Kings Message:

I believe my people in every part of the Empire fervently wish to perpetuate the memory of that Great Deliverance and of those who laid down their lives to achieve it.

To afford an opportunity for the universal expression of this feeling it is my desire and hope that at the hour when the armistice came into force, the eleventh our of the eleventh day of the eleventh month, there may be for one brief space of two minutes a complete suspension of all normal activities. During that time, except in rare cases where this may be impractical, all work, all sound, and all locomotion should cease, as that in perfect stillness the thoughts of everyone may be concentrated on reverent remembrance of the Glorious Dead.

No elaborate organisation appears to be necessary. At a given signal, which can easily be arranged the suit the circumstances of each locality. I believe that we shall, all gladly interrupt our business and pleasure, whatever it may be and unite in this simple service of Silence and Remeberance.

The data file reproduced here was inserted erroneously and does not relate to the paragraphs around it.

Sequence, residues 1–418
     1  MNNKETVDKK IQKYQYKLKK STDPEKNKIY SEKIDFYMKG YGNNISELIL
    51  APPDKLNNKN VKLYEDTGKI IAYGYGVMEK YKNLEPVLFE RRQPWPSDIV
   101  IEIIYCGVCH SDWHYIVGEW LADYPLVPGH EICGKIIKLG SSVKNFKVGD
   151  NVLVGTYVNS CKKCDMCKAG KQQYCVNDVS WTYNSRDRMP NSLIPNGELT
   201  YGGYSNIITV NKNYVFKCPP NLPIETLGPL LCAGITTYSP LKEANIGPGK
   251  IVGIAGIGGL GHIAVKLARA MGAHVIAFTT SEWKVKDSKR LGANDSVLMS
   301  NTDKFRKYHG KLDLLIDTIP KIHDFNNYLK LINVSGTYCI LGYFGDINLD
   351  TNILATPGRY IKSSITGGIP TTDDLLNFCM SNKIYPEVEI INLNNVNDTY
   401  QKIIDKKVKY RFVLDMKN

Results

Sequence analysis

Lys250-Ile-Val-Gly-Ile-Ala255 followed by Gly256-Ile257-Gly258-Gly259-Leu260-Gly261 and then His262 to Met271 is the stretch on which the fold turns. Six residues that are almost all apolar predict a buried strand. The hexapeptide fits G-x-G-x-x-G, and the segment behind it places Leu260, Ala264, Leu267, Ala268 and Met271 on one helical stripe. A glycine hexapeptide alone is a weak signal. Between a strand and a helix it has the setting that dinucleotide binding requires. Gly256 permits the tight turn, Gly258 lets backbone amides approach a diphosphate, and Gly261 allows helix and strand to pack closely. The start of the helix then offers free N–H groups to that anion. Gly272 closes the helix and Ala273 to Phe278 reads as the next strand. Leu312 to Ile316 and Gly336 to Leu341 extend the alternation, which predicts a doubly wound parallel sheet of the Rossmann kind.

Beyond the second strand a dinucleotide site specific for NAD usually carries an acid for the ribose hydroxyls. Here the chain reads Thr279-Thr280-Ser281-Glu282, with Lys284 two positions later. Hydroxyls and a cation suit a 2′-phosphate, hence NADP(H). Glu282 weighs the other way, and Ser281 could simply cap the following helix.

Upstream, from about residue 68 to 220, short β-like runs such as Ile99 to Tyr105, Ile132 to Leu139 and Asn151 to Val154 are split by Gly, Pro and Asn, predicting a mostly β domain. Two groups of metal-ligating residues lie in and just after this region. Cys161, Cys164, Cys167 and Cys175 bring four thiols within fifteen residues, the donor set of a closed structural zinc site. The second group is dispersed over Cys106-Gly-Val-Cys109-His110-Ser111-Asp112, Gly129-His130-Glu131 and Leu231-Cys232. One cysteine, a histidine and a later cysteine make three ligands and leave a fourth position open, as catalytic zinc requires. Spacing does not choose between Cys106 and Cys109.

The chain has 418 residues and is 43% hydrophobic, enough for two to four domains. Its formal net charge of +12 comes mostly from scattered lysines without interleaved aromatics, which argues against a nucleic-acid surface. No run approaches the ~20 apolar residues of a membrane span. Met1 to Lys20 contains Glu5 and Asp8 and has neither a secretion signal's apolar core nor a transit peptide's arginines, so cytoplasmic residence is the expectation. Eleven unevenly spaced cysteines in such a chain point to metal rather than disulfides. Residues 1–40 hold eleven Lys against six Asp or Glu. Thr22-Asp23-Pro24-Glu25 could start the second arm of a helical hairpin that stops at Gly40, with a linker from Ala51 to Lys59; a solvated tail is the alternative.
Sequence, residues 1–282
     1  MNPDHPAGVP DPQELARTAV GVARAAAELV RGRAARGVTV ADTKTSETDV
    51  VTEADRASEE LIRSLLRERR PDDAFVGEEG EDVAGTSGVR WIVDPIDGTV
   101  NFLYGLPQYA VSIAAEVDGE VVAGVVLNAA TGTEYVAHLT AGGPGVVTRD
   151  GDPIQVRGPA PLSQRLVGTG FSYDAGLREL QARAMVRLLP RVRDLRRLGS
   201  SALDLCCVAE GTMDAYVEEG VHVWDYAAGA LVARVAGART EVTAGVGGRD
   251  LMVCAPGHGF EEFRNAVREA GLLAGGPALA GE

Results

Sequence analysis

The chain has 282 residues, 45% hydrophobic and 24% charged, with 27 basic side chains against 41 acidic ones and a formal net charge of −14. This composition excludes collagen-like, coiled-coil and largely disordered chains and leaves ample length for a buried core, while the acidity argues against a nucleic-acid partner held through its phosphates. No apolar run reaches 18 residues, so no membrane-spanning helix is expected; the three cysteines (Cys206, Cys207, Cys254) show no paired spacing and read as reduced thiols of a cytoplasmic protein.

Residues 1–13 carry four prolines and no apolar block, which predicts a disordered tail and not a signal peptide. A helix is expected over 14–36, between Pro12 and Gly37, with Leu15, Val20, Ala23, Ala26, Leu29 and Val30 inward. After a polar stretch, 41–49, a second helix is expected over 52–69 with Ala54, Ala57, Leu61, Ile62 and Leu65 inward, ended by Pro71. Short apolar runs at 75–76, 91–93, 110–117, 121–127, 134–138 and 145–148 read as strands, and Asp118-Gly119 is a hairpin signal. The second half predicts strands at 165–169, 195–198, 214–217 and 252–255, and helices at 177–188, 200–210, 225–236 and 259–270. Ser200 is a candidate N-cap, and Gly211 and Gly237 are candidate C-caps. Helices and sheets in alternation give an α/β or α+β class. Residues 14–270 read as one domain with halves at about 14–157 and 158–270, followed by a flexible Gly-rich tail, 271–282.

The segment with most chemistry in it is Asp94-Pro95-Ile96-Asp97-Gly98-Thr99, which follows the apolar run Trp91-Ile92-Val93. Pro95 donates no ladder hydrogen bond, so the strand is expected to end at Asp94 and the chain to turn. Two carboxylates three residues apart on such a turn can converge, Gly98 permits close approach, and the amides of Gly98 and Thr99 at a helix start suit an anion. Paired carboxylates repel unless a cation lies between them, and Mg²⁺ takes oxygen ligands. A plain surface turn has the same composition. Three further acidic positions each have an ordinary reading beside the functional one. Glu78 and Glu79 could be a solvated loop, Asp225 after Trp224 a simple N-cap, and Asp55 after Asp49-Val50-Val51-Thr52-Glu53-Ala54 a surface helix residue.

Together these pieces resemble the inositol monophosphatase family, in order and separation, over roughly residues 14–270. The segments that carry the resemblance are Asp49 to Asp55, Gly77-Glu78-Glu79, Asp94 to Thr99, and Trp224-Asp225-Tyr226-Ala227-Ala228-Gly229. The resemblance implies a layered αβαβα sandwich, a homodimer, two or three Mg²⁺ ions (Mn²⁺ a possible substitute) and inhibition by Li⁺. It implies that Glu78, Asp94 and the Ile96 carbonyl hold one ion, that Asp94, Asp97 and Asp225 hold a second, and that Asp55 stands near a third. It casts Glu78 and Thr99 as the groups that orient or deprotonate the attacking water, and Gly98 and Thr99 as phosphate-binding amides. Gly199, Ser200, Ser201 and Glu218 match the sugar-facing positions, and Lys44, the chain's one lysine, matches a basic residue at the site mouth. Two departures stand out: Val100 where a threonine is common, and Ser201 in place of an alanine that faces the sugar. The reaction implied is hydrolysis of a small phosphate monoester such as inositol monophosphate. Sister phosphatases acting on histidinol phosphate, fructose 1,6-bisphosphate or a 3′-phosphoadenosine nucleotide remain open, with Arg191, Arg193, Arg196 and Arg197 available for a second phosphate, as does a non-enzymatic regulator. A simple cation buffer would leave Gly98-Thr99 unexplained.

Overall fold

George R.I.

Programme:

10.50 All Children assembled in Large Room
10.55 Brief explanation of reason of assembly and the Reading of the King’s Message.
11-11.2 Reverent Remembrance of the Glorious Dead in Silence
11.3 Singing of Hymn “On the Resurrection Morning” to end a most impressive service
11.10 Resumption of work.

Eastbury
11th November 1919

The League of Nations Day Nov. 11th. At eleven o’ clock a pause was made in the ordinary work. The bell tolled thirteen times as that was the number of men at Eastbury who have made the great sacrifice. During that time the names of the dead heroes were written on the blackboard, while all the children stood silent, seeming to realise the act of honour the silence was giving to the glorious dead.

Prayers for the departed were read and the prayer for peace and a hymn was sung. The children seemed much impressed by the lessons that were given. The King’s letter was read. The national anthem concluded the service.

King Street School, Maidenhead
11th November 1919

The Anniversary of Armistice Day was kept in school by a complete change of timetable commencing with a simple musical service of praise & worship & an address to the children on “Give to the world the best you have” as a basis for a League of Nations.